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Before your children go back to school, make sure your school is safe.

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The world at times seems like a very unsafe place. The recent shooting at a movie theater in Aurora, Colorado brought back sad memories of the shooting at Columbine H.S. Closer to home, in the Allentown School District, $15,918 was paid for overtime police necessary to quell violence at Allen and Dieruff high schools. Penn State is dominating the news with their sex abuse scandal. How can parents keep their children safe?

Overall, school is one of the safest places children go. Unfortunately, things happen. Bullies, drug use, violence, theft, even rape have left students and educators feeling at risk. There are some things parents can do to help.

Talk about school safety

Keep the lines of communication wide open between you and your children. Talk about school safety and what’s going on at school. Students usually know everything and everyone at their school. Let them know they can always come to you with their concerns.

Talk to your children about their day. Most kids won’t tell you right away if something is bothering them. Look for warning signs that there may be problems such as dropping grades, constant illness, loss of friends, torn clothing, and missing personal items.

Ask the right questions.

Some children need to be asked directly about school safety. The following questions are a good place for parent to start the conversation.

  • Where do you feel most safe at school and where do you feel least safe?
  • Who would you go to if you found yourself in a difficult or scary situation? What teacher or staff member do you feel comfortable talking to?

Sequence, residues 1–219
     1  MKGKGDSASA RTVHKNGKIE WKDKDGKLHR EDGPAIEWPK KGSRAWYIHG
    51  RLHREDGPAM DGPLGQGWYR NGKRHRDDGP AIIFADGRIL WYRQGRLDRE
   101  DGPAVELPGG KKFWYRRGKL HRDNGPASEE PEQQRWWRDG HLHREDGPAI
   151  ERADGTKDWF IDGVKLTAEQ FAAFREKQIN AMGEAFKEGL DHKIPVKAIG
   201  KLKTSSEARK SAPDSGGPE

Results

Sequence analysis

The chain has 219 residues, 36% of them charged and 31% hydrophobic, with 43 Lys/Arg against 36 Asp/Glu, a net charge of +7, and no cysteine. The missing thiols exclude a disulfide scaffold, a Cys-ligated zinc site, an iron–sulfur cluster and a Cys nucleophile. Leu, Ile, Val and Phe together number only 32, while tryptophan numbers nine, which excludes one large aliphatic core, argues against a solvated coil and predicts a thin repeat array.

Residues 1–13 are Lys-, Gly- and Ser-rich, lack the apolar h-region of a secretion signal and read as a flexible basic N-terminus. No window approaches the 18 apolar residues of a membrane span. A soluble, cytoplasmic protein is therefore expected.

• Is there anyone or anything at school that makes you feel frightened? How do you deal with that?

Make sure children know that talking to parents or a trusted teacher about a bully is not “snitching.” Most kids who are bullies need help and identifying them not only keeps fellow students safe but may be the only way the bully gets assistance.

Teach your child how to resolve conflicts without violence. Offer to be a mediator is needed.

Work with your school district.

Parents are one of the schools greatest resources. Try to be a positive aid to your school district. Find out how you can get involved in making your school safe. First and foremost you are your child's advocate, working with your school officials and school board is better than fighting them. Educate yourself on the set up of your school, policies and their emergency strategies. Be an informed parent. The Pennsylvania Emergency Management Agency and The Center for Safe Schools provide information for teachers and parents.

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